The Internal Revenue Service (“IRS”), Department of Labor (“DOL”), and Pension Benefit Guaranty Corporation (“PBGC”) recently released the 2023 Form 5500s, rolling out significant reporting changes for the 2023 tax year.
Form 5500 Reporting Changes
Some of the more significant changes to note are as follows:
New Participant Counting Method for Audits of Defined Contribution Plans
The 2023 Form 5500 and Form 5500-SF Instructions have been modified to reflect the new participant counting method for purposes of determining whether the plan must be audited.
Previously, this requirement had been based on the number of individuals eligible to participate in the plan as of the beginning of the plan year, regardless of whether all those eligible employees have elected to make contributions and have account balances.
Under the new counting method, beginning in 2023, a defined contribution plan must count only those participants with an account balance at the beginning of the plan year to determine whether the plan covers 100 or more participants and is subject to audit.
Importantly, the IRS did provide clarification in the updated 5500 instructions that new plans (plans established during 2023) must count the number of participants with account balances as of the end of the plan year, a point not specifically delineated in the original announcement.
New Schedule DCG
The 2019 SECURE Act added a new consolidated Form 5500 filing option for plans that participate in a “defined contribution group” (“DCG”).
The Schedule DCG provides information about each plan within the group, including participant counts, financial information and compliance questions.
To be eligible to file a consolidated Form 5500 as a DCG, a group of defined contribution plans must have:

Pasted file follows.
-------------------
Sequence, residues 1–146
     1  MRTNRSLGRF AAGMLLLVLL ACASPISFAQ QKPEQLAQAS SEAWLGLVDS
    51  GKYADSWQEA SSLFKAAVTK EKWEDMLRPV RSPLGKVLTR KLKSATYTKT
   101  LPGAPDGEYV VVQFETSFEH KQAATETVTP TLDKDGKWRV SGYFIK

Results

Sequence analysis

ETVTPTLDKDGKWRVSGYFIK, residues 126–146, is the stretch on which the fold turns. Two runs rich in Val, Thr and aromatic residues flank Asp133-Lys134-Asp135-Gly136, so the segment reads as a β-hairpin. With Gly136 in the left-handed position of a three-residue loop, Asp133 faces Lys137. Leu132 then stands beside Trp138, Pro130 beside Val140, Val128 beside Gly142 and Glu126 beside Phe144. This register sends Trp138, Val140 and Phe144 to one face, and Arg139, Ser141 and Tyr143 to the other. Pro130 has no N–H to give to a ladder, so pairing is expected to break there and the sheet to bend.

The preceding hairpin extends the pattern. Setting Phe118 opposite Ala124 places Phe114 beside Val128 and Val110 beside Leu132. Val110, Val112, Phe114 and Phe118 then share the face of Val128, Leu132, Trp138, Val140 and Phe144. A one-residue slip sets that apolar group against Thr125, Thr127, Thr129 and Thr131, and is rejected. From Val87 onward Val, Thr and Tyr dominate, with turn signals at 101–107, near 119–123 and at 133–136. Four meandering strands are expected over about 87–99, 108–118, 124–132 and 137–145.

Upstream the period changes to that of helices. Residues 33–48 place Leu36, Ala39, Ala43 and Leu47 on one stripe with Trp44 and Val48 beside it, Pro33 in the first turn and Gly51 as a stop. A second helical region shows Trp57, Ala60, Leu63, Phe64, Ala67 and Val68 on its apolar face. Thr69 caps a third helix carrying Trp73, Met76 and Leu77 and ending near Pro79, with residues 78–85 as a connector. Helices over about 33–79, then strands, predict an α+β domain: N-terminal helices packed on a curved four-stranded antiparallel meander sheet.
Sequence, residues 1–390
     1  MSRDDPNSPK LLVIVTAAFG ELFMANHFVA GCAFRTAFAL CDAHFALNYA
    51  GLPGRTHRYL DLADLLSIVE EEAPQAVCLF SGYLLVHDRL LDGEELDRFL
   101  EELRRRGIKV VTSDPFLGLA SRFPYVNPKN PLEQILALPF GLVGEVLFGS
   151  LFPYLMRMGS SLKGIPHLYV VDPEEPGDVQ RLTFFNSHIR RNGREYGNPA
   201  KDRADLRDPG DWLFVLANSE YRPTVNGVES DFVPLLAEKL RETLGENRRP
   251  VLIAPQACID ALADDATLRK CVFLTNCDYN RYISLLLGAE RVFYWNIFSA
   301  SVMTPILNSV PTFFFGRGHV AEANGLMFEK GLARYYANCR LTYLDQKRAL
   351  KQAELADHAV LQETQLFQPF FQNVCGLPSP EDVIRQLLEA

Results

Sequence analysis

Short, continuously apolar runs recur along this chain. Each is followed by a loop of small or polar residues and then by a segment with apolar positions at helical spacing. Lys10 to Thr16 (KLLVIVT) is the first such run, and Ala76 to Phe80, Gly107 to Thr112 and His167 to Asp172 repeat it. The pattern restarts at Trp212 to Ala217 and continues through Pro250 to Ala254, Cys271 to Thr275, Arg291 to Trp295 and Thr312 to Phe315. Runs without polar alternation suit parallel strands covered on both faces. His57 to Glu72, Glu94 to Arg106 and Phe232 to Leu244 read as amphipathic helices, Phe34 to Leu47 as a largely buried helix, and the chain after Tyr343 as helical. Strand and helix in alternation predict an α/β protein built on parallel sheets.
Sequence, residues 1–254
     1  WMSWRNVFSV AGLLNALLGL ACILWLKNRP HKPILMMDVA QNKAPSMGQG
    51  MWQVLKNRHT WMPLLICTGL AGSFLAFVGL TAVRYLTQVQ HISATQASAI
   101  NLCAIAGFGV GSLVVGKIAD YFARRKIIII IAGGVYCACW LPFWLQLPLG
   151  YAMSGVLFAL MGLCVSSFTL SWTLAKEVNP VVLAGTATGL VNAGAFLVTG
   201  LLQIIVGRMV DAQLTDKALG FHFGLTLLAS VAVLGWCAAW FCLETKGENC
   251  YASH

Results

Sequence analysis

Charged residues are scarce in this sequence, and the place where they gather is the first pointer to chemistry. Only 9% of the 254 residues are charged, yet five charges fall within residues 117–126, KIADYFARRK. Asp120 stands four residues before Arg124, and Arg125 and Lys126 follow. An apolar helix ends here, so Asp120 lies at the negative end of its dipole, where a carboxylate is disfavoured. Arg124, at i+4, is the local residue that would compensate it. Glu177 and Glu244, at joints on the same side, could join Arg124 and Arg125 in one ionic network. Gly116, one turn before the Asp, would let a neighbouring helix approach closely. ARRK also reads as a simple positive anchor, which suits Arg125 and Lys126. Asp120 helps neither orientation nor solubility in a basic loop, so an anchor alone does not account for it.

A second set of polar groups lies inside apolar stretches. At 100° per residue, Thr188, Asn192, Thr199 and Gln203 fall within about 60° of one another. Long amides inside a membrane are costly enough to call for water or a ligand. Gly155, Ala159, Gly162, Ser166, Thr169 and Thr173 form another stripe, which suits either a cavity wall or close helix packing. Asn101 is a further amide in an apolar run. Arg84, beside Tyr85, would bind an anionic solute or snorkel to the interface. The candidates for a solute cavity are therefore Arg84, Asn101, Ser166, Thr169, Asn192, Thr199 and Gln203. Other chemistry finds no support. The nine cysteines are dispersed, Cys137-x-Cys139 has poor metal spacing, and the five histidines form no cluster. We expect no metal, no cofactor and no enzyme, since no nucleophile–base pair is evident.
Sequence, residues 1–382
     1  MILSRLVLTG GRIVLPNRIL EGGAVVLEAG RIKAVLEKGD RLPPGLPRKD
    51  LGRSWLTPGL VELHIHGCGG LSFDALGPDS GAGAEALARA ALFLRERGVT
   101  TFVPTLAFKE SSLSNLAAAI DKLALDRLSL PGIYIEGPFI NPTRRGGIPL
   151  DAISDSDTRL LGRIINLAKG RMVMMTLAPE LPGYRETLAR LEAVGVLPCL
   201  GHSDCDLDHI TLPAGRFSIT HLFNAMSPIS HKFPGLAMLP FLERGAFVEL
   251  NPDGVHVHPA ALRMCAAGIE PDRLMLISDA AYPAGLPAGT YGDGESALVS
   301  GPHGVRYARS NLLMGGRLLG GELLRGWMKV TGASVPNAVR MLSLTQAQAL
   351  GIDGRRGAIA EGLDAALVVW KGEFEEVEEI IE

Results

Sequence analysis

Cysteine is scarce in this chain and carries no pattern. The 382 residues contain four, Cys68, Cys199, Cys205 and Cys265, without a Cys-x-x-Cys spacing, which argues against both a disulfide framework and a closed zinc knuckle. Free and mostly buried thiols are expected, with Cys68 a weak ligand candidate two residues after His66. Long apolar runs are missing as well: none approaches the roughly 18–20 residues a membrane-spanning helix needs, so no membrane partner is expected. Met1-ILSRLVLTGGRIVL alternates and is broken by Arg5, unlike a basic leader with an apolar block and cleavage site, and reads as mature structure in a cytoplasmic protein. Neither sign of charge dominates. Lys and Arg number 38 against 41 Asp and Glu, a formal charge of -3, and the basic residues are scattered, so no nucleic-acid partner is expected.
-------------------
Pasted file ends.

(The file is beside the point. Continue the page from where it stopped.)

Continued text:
- the same administrator,
- the same named fiduciaries,
- the same trustee,
- the same plan year, and
- the same investments or investment options.
In terms of filing requirements, the Form 5500 must include a Schedule DCG for each individual plan within the DCG, and each plan in the group that has an audit requirement must attach their respective audited financial statements to the Schedule DCG.
Schedule H Plan Expenses Lines
Schedule H has been updated to add new breakout categories to the administrative expenses reported on Schedule H.
Several new expense breakouts have been added, including new lines for actuarial expenses, audit fees, legal fees, trustee/custodial fees, valuation/appraisal fees, and others.
These lines will require plans to break out expense categories in greater detail and enable the DOL monitor plan expenses paid for various services more closely
Schedule MEP for Multiple Employer Plans
A new Schedule MEP has been added to house information regarding multiple employer plans, including information regarding participating employers as well as their percentage of total contributions and aggregate account balance information.
Schedule MEP also includes questions about Pooled Employer Plans and compliance with the Form PR filing requirements (pooled plan provider registration form).
Note that this detail was previously reported as an attachment to the Form 5500, which Schedule MEP will now replace.
Schedule R Expansion
Schedule R has been expanded to add several new tax compliance questions, in Part VII, related to nondiscrimination testing, ADP testing and pre-approved plan IRS determination letters.
In addition, line 19 which requires the reporting of asset allocations for defined benefit plans that have 1,000 or more participants, has been modified.
Plan sponsors should be sure to familiarize themselves with these new requirements of Form 5500, as the penalties for non-compliance can be severe, including DOL penalties of up to $2586 per day for failure to file a complete or accurate Form 5500 and separate penalties of $250 per day (up to $150,000) for failing to file a Form 5500 from the IRS.